Chief of Pediatric Surgery, Jessica Kandel, MD, has focused her research on the pediatric solid tumors Wilms tumor, neuroblastoma, and hepatoblastoma, for which there is poor prognosis despite intensive treatment. Understanding how the COX-2, VEGF, Ang/Tie2, and Notch pathways, through their effects on tumor vasculature, affect tumor growth has provided valuable information on treatment strategies for cancer. More recently, comparing Notch blockade in primary tumors with distant metastatic organs has highlighted the importance of targeted drug therapy.

Related to this concept, Dr. Kandel is interested in harnessing new imaging and delivery techniques to decrease toxicity by early detection of drug effects, as well as through targeted delivery of agents to the tumors using size- selected microbubbles.

Dr. Kandel also lymphatic malformations, poorly understood vascular malformations that affect children and adults. Treatment options for these lesions are limited, largely due to their unknown pathobiology, and pediatric patients currently face a life-long battle with this disease.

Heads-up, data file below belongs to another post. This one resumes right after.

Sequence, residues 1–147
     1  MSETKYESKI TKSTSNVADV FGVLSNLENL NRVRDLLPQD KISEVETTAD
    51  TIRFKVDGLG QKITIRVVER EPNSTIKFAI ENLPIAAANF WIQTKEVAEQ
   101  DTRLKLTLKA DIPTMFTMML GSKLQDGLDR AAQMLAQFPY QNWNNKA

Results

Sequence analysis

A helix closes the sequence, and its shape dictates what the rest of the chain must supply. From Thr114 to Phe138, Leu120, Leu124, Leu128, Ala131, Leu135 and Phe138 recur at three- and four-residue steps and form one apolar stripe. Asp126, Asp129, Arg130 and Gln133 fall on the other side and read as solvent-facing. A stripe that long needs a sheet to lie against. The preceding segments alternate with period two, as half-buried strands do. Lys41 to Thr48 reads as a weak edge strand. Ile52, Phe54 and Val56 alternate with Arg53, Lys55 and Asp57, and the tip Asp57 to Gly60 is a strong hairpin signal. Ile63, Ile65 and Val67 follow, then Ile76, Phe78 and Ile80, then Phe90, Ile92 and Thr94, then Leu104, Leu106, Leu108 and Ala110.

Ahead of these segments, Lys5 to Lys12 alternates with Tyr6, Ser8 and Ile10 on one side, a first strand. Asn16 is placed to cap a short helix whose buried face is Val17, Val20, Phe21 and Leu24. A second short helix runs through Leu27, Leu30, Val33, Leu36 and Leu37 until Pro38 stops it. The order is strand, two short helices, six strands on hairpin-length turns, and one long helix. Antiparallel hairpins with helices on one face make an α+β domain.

Dr. Sonia Hernandez, research associate (assistant professor), studies the interaction between angiopoietin/Tie2 and Notch modulation, and metastasis in neuroblastoma. Recent data suggests that microorganisms can elaborate toxins that disrupt Notch homeostasis in some tissues, leading to impaired host defense mechanisms and metastatic invasion. She is also interested in the vascular complications of diabetes, having studied potential protective factors in patients with 50 years or more of type1 diabetes (Medalists).